Rep. Tulsi Gabbard (D-HI) sued Hillary Clinton for $50 million Wednesday, claiming that Clinton’s allusion to Gabbard as a “Russian asset” caused the Presidential hopeful “anguish and damage to her reputation.”
The complaint, filed in the Southern District of New York, is peppered with insults, referring to Clinton as a “cutthroat politician by any account,” a candidate who “lost in surprise upsets” and someone known to hold “long-time grudges.”
Gabbard, on the other hand, is painted as a beacon of service and selflessness. “As a child, Tulsi’s parents would enlist her and her siblings in ‘service days,’ where the family would pick up litter from beaches or prepare food for homeless families,” it notes.
The root of Gabbard’s complaint is a comment Clinton made on the podcast Campaign HQ With David Plouffe in October. Clinton referred obliquely to somebody in the primary being “groomed” for a third-party run.
“She’s the favorite of the Russians,” Clinton said. “They have a bunch of sites and bots and other ways of supporting her so far. And that’s assuming Jill Stein will give it up, which she might not because she’s also a Russian asset. She’s a Russian asset, I mean, totally. They know they can’t win without a third party candidate.”
Afterwards, Clinton’s spokesman Nick Merrill made a Pulitzer-worthy quip in response to a reporter asking if Gabbard was the candidate in question.
“If the nesting doll fits,” he said.
Gabbard has said multiple times that she does not plan to launch a third-party bid for the White House.
Gabbard seized on Clinton’s remark, immediately blasting out fundraising emails based on the quotes, pledging that “rich and powerful” in the party “will not silence us.” She also sent a flurry of tweets and did a live shot from a parking lot outside her Iowa rally to discuss Clinton on Fox News’ “Tucker Carlson Tonight” while her supporters waited for over an hour inside.
Clinton did receive her share of criticism for firing off the allegation without proof. But the kerfuffle directed attention toward some of the more bizarre dynamics surrounding Gabbard’s bid.
Her campaign has been heavily featured in Russian outlets like RT since she announced. A legion of bots boost her on social media, and users on sites like 4chan used to flood instant online polls just after the debates to proclaim Gabbard the winner (she hasn’t qualified for the debate stage since November).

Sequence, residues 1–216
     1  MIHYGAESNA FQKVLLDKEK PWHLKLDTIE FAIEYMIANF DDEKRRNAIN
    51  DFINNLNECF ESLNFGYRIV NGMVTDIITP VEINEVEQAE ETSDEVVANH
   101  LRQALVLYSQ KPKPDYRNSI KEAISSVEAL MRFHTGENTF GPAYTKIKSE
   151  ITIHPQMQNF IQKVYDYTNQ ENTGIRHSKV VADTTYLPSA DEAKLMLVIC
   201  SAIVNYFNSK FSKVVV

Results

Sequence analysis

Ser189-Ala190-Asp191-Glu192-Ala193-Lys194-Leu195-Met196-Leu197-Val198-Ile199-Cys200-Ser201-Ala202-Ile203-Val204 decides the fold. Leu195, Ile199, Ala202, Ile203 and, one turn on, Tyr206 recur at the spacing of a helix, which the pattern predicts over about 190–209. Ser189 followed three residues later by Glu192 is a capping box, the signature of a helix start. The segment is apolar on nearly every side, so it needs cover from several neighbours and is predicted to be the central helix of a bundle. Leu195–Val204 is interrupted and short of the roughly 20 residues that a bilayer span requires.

She’s never hesitated to distance herself from her party, whether it be joining with Republicans to demand former President Barack Obama use the phrase “radical Islam” or scheduling a Trump Tower meeting with President-elect Donald Trump just after the 2016 election.
In early 2016, she very publicly resigned her vice chairmanship at the DNC in early 2016 and endorsed Sen. Bernie Sanders (I-VT) over Clinton, a move which she now says inflamed Clinton’s lingering animosity.
She has also refused time and time again to condemn Syrian dictator Bashar al-Assad for the crimes he perpetrated against his own people, meeting with him in person in 2017. She used her weird position on the issue to attack Sen. Elizabeth Warren (D-MA) during the October debate, demanding that the senator adopt her position on what she calls a “regime-change war.”
During the same debate, she attacked hosts from CNN and the New York Times for calling her a “Russian asset” — neither did; the outlets merely pointed out the resonance her candidacy was having in Russian propaganda circles.
Gabbard is essentially a non-factor in the Democratic primary at this point. According to Real Clear Politics, she’s polling around 1 percent and has failed to qualify for multiple debates. However, she has previously pledged that she will see her run all the way to the convention, even if she lacks the delegates to win.
And as she has now declined to run for her House seat again, she’ll have some time on her hands — plenty to bring her “political rival” Hillary Clinton to justice, once and for all.